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Sep 23, 2003, 9:39:49 AM9/23/03
to

Hovik Melikyan wrote:
>
> Alexander Terekhov <tere...@web.de> wrote in message news:<3F701057...@web.de>...
>
> >

> > You'll have to stay in this threading business until at least 2010
> > (or so), you'll have a chance to see initial draft then, I guess.
> >
>
> You mean, standardized atomic functions? This is tough, because you
> need to have hardware support for it. Every engineering company has
> its own way of doing threading and SMP. You'd never convince Sun to
> add atomic increment (not compare-and-smth), for example. OTOH you
> don't have to, I think. Sometimes by standardizing things you limit
> creativity and the possibility of finding new solutions.
>

There are some interlocked functions that can be considered standard,
even on architectures that don't have them. Compare and swap is on
or can be simulated on almost every architecture. From there you
can construct fetch and op primatives, etc...

I think you'll find more creativity on platforms that do provide these
as programming api's than on platforms that do not.

Joe Seigh

Alexander Terekhov

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Sep 23, 2003, 9:50:06 AM9/23/03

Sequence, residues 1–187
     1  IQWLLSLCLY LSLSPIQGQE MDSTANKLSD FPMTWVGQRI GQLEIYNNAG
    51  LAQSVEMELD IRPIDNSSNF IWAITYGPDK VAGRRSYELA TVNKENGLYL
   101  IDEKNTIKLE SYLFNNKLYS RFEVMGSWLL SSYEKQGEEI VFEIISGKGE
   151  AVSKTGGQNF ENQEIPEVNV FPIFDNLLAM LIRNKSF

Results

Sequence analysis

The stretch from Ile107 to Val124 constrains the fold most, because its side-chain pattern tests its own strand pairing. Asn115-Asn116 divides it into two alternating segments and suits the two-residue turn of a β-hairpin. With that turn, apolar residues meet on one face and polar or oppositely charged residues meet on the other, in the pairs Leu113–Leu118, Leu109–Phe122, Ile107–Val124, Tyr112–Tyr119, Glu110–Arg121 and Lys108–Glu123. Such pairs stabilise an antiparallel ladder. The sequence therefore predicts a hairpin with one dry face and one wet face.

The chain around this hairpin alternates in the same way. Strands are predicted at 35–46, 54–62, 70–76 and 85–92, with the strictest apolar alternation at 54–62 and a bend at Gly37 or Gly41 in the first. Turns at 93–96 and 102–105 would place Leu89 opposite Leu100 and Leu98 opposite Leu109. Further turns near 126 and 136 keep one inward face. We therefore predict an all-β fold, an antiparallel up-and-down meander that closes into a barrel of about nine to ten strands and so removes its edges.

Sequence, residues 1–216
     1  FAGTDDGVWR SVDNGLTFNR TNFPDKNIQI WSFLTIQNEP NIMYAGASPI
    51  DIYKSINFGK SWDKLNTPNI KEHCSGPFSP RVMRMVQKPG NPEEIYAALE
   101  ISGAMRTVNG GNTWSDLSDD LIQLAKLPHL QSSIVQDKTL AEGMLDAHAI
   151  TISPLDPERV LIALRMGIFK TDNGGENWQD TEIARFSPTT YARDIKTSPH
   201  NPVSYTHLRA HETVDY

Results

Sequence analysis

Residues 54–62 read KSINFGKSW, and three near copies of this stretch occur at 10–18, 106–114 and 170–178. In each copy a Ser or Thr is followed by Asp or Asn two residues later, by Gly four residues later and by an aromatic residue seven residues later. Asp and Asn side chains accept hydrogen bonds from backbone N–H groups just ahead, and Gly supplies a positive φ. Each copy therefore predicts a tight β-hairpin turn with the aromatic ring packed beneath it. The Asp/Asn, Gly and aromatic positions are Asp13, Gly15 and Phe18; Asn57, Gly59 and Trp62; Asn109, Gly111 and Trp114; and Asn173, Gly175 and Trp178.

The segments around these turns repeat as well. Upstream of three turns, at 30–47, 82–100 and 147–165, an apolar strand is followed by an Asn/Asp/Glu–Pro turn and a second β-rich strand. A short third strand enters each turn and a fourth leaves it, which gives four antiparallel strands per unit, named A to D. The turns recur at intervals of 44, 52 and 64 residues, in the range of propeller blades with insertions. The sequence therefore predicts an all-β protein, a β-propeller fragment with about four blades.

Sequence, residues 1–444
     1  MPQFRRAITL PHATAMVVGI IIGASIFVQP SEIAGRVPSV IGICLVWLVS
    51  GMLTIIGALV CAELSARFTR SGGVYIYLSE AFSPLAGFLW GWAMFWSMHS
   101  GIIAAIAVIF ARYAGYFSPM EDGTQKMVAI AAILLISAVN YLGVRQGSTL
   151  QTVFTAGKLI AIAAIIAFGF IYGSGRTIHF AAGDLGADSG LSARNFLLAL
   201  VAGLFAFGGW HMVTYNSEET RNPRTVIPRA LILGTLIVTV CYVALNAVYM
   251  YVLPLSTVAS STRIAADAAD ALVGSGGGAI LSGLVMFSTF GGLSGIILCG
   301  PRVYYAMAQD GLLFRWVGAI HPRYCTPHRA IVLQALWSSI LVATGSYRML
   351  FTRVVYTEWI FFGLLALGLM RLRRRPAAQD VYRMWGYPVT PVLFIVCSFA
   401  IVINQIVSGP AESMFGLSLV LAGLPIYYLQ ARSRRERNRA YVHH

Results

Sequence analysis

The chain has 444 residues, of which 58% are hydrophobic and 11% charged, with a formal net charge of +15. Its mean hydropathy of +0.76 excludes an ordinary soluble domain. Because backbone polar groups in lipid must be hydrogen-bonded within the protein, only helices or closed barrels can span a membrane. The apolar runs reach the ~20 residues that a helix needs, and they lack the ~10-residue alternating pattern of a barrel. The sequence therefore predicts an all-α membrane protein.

to

Hovik Melikyan wrote:
[...]
> InterlockedXXX stuff

http://groups.google.com/groups?threadm=3EC89028.7B60D559%40web.de

[...]


> You mean, standardized atomic functions? This is tough, because you
> need to have hardware support for it. Every engineering company has
> its own way of doing threading and SMP. You'd never convince Sun

http://gee.cs.oswego.edu/dl/concurrency-interest
http://gee.cs.oswego.edu/dl/concurrent/dist/docs/java/util/concurrent/atomic/AtomicInteger.html
http://altair.cs.oswego.edu/pipermail/concurrency-interest/2002-February/000023.html
http://altair.cs.oswego.edu/pipermail/concurrency-interest/2002-February/000024.html

regards,
alexander.

P.S. http://gee.cs.oswego.edu/dl/concurrency-interest/jsr166

"Preliminary versions of JSR166 concurrency utilities are available
for you to try out. This release contains versions that run natively
on solaris-sparc and linux-x86 using addons to hotspot 1.4.1, as
well as an "emulation mode" that should run on any 1.4.x JVM (but
slowly! at least 5 to 15 times slower)."

Thomas Segev

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Sep 23, 2003, 10:02:19 AM9/23/03
to
"Luca" <n...@mail.net> wrote in message
news:bkpi72$nm9$1...@galileo.it.ip-plus.net...

> Thomas
>
> Maybe I'm saying something stupid, but why don't you avoid the whole
problem
> safelly calling getenv(), reading a configuration file or settings default
> config values at the beginning of your app, maybe filling a structure with